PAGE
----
(The other 50 percent was that I think all women should take self-defense classes and other students in his classes were clearly friendly with him.)
When I hear someone yell out my full first name from way across the gym, I know who it is and smile before I even turn around. It’s a simple trade-off. Practice makes perfect to learn names — and roundhouse kicks.
New people, new names
For people with common names, this may not seem like a big deal.
And for people who love to shorten short names, this’ll really go over their heads. (Do you really need to shorten “Becky” to “Bex”? It’s already two syllables as is.)
But for people with long names, this is a sign of respect. This says to them that you actually respect them enough to learn who they are — weird name and all.
If you’re a member of Toastmasters, there is a pretty high chance that you will meet people from all walks of life. I am always meeting new people from all over the world. If you’re part of a club with 357,000 members from 16,600 clubs in 143 countries, enjoy the melting pot.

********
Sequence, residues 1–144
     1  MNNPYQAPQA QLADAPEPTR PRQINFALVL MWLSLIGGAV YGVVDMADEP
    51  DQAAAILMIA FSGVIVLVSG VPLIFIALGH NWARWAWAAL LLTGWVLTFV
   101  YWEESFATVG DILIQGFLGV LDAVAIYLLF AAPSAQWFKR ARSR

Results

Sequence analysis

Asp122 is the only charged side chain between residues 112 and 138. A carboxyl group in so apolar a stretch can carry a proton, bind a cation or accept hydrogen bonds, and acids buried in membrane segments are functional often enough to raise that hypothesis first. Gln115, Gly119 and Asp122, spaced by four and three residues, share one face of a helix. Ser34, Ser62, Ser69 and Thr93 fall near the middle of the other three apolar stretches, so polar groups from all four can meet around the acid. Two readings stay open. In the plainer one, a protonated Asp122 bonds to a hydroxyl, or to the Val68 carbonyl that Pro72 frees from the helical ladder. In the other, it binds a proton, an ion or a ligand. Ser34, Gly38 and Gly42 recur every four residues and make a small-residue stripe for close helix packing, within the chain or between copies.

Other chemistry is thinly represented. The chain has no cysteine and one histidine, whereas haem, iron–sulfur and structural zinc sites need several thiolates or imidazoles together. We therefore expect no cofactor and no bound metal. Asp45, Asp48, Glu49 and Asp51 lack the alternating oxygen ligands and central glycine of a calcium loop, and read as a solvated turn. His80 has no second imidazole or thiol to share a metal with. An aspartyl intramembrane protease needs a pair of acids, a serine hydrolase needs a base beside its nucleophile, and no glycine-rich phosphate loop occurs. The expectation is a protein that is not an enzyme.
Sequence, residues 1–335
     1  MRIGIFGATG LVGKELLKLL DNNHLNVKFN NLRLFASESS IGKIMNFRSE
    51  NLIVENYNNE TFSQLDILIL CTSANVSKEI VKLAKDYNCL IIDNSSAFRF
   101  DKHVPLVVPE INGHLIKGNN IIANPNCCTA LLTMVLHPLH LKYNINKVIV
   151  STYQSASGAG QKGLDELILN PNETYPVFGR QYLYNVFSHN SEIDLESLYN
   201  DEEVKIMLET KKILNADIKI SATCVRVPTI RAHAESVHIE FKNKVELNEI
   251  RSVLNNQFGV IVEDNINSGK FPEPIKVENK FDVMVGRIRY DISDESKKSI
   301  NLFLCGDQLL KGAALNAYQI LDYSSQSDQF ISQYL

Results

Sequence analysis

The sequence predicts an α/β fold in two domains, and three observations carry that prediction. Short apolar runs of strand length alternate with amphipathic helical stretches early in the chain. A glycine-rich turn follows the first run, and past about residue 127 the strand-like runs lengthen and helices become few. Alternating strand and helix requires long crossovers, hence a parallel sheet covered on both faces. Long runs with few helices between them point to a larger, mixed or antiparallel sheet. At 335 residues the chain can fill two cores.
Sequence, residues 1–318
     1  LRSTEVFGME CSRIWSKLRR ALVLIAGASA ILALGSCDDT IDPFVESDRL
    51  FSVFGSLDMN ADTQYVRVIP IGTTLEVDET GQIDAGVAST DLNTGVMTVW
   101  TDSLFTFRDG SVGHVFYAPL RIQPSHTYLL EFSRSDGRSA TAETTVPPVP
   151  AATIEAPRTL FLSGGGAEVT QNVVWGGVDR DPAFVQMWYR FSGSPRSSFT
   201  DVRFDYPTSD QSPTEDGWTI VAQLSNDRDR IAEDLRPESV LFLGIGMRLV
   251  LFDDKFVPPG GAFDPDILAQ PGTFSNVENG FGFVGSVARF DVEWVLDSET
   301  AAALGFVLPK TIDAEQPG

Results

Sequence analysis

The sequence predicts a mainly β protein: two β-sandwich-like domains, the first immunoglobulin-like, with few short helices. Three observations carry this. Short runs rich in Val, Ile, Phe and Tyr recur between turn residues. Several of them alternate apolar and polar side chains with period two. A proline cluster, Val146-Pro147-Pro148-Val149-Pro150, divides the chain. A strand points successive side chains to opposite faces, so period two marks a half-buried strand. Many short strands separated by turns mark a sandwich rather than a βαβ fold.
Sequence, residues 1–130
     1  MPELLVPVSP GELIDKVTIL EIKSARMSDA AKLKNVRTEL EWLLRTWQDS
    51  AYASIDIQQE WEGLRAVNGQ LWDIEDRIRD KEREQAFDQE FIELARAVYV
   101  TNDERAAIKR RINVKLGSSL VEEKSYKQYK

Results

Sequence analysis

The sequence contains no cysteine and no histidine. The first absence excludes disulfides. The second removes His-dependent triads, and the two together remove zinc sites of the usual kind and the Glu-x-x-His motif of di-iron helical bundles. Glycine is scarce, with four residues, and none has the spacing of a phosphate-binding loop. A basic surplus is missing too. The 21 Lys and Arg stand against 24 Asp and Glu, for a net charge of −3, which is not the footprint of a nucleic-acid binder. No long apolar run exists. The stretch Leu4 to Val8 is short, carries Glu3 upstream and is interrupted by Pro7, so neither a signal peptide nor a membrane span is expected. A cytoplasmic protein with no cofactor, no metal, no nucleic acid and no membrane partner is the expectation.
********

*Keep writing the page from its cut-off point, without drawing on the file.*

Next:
I walked into a Unity Toastmasters meeting one day and a gentleman named Amjad (an uncommon name, to me anyway) tapped me on the shoulder.
“Hey, I’m from Dubai and I have to head out to Germany tonight. Do you mind if I talk to you guys for five to seven minutes?”
Sure, Amjad, do you!
Another week, I came to a meeting and there were approximately 10 students from Malcolm X college who came to hang out at Toastmasters.
During Table Topics, I made a point of trying to match these students’ faces to names. Most of the names were common, but I stumbled over a couple. Still though, my name is Shamontiel. Therefore, I will always try to get your name correctly.